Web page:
Measure for Measure
A dark comedy likely written in 1603, Measure for Measure is often viewed as Shakespeare's most challenging problem play. Set in Renaissance Vienna, the drama features three principal figures: the Viennese Duke Vincentio, his puritanical deputy Angelo, and Isabella, a novice nun. After the Duke places Angelo in charge of Vienna and pretends to leave the city, he disguises himself as a friar so that he may observe Angelo's harsh administration of the law. Angelo, displeased by what he perceives as the lax morality of Vienna's citizenry, decides to more forcefully impose a code prohibiting fornication, or sex out of wedlock, and accuses Isabella's brother Claudio of the crime. Faced with the execution of her brother, Isabella entreats Angelo for Claudio's life but recoils when she is told that the price of what she asks is the sacrifice of her virginity. At the play's resolution, the Duke returns to power, spares Claudio, and offers a proposal of marriage to Isabella. This apparently happy ending, however, has struck many as unsatisfactory. Scholars generally acknowledge that the ethical questions raised over the course of the play remain largely unresolved at its conclusion. Additionally, debate over the play's indeterminate genre has led many scholars to renew their focus on Shakespeare's dramatic design in Measure for Measure. Several commentators, including Robert B. Bennett (2000), have argued that in Measure for Measure Shakespeare presented a unique and experimental comic method. Bennett maintains that unlike the utopian moral framework of Shakespeare's previous festive comedies, Measure for Measure is a comic romance that highlights the paradoxical qualities of human nature.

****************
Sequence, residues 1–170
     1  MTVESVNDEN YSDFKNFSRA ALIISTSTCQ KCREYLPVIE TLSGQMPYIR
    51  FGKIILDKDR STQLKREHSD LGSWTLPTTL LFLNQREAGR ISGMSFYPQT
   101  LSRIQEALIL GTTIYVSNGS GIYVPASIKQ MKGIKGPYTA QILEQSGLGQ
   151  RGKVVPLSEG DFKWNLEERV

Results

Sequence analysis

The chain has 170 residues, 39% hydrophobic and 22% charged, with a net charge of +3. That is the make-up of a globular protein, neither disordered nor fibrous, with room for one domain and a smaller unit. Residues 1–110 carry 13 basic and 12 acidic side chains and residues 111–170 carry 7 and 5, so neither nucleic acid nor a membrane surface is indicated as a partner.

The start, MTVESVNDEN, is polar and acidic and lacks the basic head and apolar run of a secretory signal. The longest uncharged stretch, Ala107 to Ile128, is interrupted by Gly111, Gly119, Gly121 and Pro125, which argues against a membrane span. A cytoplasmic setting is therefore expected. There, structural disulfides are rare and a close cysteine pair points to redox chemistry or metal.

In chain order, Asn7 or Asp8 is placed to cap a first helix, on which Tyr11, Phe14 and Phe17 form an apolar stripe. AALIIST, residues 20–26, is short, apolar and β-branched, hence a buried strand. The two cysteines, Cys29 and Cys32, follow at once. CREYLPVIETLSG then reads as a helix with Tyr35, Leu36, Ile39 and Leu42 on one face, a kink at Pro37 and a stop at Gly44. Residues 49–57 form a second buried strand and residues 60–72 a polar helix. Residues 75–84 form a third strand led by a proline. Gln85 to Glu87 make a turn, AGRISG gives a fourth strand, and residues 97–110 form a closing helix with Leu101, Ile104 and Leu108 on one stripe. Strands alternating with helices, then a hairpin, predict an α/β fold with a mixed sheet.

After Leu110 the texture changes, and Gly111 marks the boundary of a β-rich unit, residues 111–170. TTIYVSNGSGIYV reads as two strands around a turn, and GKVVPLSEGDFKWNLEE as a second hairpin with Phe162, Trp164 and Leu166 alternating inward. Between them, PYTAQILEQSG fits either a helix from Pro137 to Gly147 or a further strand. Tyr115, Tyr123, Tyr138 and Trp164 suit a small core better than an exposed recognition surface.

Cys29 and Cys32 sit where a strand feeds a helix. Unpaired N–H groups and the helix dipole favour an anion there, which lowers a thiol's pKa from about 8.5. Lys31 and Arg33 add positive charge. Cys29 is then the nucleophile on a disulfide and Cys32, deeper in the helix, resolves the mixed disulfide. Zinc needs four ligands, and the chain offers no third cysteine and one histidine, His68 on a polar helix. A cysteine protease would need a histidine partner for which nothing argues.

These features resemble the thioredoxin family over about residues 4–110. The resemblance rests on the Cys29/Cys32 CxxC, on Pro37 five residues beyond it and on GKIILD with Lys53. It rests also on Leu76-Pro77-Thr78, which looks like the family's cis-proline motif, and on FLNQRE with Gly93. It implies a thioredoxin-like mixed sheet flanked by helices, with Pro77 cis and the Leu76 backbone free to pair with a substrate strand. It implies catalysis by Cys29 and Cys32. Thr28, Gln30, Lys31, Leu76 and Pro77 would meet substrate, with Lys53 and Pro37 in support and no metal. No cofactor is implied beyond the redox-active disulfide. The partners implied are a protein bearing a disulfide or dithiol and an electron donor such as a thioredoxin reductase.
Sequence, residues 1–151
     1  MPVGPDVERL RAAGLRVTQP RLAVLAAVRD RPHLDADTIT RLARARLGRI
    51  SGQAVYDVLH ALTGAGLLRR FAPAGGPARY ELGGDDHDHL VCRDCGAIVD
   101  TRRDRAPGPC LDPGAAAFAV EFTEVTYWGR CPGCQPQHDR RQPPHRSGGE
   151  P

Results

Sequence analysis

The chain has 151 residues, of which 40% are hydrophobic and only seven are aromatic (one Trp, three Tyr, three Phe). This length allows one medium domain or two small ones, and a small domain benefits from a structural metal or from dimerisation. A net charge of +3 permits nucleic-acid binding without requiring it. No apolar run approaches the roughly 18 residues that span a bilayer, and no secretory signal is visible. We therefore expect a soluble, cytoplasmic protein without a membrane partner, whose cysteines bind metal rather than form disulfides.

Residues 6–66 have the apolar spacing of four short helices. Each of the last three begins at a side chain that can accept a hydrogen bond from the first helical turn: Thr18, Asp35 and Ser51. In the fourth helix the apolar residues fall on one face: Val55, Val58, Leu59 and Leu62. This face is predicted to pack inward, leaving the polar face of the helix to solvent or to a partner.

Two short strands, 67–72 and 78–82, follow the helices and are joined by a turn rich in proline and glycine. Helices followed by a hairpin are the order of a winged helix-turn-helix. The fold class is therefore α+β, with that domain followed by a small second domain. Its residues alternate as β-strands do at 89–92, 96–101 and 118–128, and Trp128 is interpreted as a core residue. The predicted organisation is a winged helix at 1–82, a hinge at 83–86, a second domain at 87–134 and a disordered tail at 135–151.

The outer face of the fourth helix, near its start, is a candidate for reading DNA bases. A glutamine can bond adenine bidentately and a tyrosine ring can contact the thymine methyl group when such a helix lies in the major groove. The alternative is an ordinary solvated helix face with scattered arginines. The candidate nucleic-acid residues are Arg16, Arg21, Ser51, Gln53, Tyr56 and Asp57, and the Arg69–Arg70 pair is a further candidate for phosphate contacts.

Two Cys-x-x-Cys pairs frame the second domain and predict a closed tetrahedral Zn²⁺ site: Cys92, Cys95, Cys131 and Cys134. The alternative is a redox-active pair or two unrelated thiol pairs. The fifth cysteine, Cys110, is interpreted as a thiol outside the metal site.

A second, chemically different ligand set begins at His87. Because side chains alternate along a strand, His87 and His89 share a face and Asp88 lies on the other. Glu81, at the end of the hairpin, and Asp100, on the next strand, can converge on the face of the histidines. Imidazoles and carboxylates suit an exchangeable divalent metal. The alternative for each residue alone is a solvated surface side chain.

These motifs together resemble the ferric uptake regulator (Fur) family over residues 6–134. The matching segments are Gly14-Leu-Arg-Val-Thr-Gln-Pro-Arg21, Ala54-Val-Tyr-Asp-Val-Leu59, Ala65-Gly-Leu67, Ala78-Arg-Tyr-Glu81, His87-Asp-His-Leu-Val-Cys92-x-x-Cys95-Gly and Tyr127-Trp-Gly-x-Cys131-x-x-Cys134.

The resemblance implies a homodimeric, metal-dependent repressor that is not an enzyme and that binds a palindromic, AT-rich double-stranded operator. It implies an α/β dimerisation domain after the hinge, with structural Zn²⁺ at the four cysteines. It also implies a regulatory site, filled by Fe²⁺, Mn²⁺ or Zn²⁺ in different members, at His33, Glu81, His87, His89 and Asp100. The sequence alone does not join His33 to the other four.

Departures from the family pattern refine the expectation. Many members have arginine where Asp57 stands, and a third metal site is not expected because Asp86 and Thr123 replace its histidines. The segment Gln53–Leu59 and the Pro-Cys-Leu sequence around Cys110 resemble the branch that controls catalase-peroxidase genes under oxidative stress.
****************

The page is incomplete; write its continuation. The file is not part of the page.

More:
Contemporary critical examination of the characters in Measure for Measure has tended to focus on the triad of Duke Vincentio, Isabella, and Angelo, and generally highlights the complexity of Shakespeare's portrayal of these figures. Mark Taylor (1994) presents a psychoanalytic examination of the major characters in Measure for Measure. Taylor explores the dynamics of sexual desire in the play by applying psychologist Karen Horney's theory of neurosis, suggesting that the outwardly inconsistent behaviors of the Duke, Angelo, and Isabella are a result of their hidden sexual anxieties. Taylor additionally studies Isabella's emotional development and the relationship of Lucio's bawdy humor to the drama's depiction of sexuality. Natasha Korda (2002) offers a feminist and new historicist interpretation of Measure for Measure's female characters, arguing that the presence of numerous unwed young women in the play manifests a patriarchal anxiety concerning the threat of the single woman to post-Reformation European social stability. The critic notes that while some women, such as Isabella, opt to remove themselves to a nunnery, others such as Marianna, Juliet, and Mistress Overdone reflect the status of the single woman as a potential site of poverty, prostitution, or premarital pregnancy that requires the surveillance and intervention of male authority. Vivian Thomas (1987) studies Isabella and Angelo in Measure for Measure and contends that these figures exhibit a realistic delineation of human character, full of nuance and convincing, if sometimes suppressed, psychological motivation. Thomas underscores the intentional ambiguity in Shakespeare's characterizations of Isabella and Angelo by analyzing their verbal exchanges, particularly Isabella's pleas for the life of Claudio. The critic also notes that in their scenes together, Angelo's self-delusion and cynical moralism clash with Isabella's repressed sexuality.